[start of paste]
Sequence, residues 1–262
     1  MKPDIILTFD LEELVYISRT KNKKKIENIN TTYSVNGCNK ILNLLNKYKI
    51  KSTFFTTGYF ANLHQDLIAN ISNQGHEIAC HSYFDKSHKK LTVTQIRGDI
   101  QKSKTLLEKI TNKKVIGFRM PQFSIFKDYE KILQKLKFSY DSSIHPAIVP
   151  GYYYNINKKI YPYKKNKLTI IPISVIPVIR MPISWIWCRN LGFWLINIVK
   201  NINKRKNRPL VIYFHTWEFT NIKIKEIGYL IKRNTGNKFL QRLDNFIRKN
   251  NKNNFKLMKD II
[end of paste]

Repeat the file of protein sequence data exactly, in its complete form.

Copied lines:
Sequence, residues 1–262
     1  MKPDIILTFD LEELVYISRT KNKKKIENIN TTYSVNGCNK ILNLLNKYKI
    51  KSTFFTTGYF ANLHQDLIAN ISNQGHEIAC HSYFDKSHKK LTVTQIRGDI
   101  QKSKTLLEKI TNKKVIGFRM PQFSIFKDYE KILQKLKFSY DSSIHPAIVP
   151  GYYYNINKKI YPYKKNKLTI IPISVIPVIR MPISWIWCRN LGFWLINIVK
   201  NINKRKNRPL VIYFHTWEFT NIKIKEIGYL IKRNTGNKFL QRLDNFIRKN
   251  NKNNFKLMKD II